Clock Tower

Out of the Clock Tower



Hello and welcome to the Greene County Archives' blog, "Out of the Clock Tower".  Please join us as we share information on archival issues, news, special events, and highlights from our collection.

Before the archives program began in Greene County in 1996, permanent records were stored in every conceivable space, in basements, garages, and closets. Usually they were in boxes of various shapes and sizes, although seldom adequately labeled, but occasionally they were just in loose piles of books and papers. Most notable were the old records stuffed into the clock tower of the County Courthouse, where they shared their home with pigeon droppings.

Now, there is a clean, environmentally controlled, well appointed location for the county archives, where our historical records are housed in standard sized boxes on steel shelves. We have taken note of their journey in the name for our blog.

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Nov 22

Mysterious Murders of Frogtown

Posted on November 22, 2019 at 10:54 AM by Melissa Dalton

This week, we conclude our report on the events of our Halloween program, Spooky Tales from the Greene County Archives, with a highlight of the murder of Lou Keys and George Koogler in Igo’s story, “The Ghosts of Frogtown.”

According to Igo’s story, George Koogler, a former soldier, had his sights set on Lou Keys, a local woman known for being a vivacious, dusky woman. George was known to sing “Oh, My Pretty Qaudroon” to Lou, his pet song. However, there was another man who fancied Lou… Andy Hunster. Andy ran an ice cream parlor across from the post office, and had lost a leg to frostbite. Andy would tell the locals that he and Lou were going to get married.

One morning, Koogler and Keys were found dead at her home. Both had been struck in the head with a blunt object, with Koogler found on the lawn, and Keys found inside on the floor. Suspicion instantly was on Andy, and he was arrested.

Andy was tried, but acquitted, not once, but twice. Shortly after his acquittal, Andy had a strange encounter. He burst into a local barber shop, telling a tale that he had just run into Lou and George! They were walking arm and arm and George was singing his signature song… then they walked right through him! The men in the barbershop thought him mad (or maybe drunk), and told Andy to just go home and forget. Andy might have gone home, but he never forgot (Fig 1).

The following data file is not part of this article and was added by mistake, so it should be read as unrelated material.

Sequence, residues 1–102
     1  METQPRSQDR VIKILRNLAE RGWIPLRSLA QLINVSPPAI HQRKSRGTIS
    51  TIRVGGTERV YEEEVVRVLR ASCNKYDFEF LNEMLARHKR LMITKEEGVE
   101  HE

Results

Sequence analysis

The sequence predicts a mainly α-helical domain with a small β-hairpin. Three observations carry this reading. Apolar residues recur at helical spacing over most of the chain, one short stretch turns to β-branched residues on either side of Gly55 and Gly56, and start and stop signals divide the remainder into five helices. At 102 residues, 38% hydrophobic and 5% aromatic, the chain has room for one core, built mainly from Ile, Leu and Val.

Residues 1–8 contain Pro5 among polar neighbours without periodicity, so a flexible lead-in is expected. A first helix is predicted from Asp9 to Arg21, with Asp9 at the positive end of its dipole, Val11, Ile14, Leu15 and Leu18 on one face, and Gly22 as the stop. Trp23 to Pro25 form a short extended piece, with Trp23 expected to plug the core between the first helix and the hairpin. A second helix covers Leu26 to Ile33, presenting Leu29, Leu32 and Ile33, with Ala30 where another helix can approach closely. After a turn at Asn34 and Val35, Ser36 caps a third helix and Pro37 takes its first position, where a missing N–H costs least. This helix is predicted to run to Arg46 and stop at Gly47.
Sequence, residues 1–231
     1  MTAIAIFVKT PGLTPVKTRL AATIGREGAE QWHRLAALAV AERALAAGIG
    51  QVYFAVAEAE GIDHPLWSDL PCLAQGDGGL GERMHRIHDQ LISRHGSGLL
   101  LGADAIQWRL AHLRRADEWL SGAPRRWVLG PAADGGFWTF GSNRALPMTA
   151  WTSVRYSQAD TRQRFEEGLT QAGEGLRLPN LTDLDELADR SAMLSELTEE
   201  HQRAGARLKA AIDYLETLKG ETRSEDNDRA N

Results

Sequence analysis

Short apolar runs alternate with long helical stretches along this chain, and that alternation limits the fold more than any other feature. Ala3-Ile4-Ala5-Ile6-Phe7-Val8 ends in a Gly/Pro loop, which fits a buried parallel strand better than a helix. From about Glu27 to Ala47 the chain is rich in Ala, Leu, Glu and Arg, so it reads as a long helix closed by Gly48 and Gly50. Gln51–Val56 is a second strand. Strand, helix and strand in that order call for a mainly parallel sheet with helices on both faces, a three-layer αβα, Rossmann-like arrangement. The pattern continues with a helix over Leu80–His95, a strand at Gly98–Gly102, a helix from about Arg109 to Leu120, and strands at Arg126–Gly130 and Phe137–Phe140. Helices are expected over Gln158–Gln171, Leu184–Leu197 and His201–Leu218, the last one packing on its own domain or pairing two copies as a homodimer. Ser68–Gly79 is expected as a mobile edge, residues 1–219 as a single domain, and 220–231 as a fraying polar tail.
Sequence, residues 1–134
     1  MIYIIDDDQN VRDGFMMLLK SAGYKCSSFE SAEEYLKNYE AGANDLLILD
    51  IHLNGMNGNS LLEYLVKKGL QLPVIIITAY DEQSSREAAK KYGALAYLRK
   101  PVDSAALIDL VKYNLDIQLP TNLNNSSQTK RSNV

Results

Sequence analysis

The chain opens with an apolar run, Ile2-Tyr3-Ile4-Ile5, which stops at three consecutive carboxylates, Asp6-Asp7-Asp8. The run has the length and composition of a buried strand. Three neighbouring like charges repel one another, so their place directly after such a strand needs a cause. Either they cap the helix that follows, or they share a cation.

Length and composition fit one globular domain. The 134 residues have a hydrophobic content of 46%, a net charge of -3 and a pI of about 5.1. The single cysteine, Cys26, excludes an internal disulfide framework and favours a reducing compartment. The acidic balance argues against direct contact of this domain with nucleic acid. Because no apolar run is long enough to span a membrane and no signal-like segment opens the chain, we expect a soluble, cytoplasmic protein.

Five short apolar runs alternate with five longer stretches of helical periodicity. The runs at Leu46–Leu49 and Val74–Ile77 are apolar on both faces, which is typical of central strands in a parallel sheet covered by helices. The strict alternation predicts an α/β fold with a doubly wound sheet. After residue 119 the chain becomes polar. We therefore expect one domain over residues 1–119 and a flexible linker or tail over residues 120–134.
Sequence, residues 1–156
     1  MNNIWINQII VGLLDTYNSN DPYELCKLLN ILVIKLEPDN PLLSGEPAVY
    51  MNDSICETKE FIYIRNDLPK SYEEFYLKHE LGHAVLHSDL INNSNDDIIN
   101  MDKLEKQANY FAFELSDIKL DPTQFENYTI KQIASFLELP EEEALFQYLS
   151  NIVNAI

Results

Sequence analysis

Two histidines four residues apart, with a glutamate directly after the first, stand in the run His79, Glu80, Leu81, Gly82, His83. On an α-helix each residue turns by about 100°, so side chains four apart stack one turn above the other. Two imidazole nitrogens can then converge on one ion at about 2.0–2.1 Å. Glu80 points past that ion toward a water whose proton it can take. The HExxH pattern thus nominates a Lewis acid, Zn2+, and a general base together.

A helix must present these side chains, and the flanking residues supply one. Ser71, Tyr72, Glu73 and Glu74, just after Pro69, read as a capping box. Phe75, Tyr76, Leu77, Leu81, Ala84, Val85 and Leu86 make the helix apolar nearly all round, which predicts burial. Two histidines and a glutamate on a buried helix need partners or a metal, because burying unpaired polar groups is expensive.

Fig 1. The Ghosts of Frogtown by Harold Igo, published in Yellow Springs News on May 13, 1943 (JPG)
Fig 1. “The Ghosts of Frogtown” by Harold Igo, published in the Yellow Springs News May 13, 1943

So, what do we actually know? What do the records tell us?

Frogtown was a swampy part of Yellow Springs, and located along Dayton Pike, running from East Enon Road to Wright Street (was once known as Gravel Pit Road) (Fig 2). Today, you will find Antioch Midwest around this region. There were many Irish immigrants who settled in this area, and it was also home to Lou Keys.

Fig 2. Greene County Road Record of Yellow Springs area (JPG)
Fig 2. Road Record of Yellow Springs (Greene County Archives)

The key players in this story are Lou “Keys” Roberts, George Koogler, and Andy Hunster. Lou Keys, also known as Lou Roberts, was an African-American woman, about 35 years old. The newspapers claim she had an “unsavory reputation,” but do not comment further. George Koogler was 52 years old, a widowed farmer and ex-soldier, and was believed to be quite wealthy. Koogler was quite smitten with Keys, had been courting Ms. Keys. The third person in this potential love triangle is Andy Hunster. Hunster was about 40 years old, and the son of Edward and Margaret Hunster, restaurateurs in Yellow Springs (Fig 3). He was listed on the 1880 census as mulatto and “maimed, crippled, bedridden or otherwise disabled.”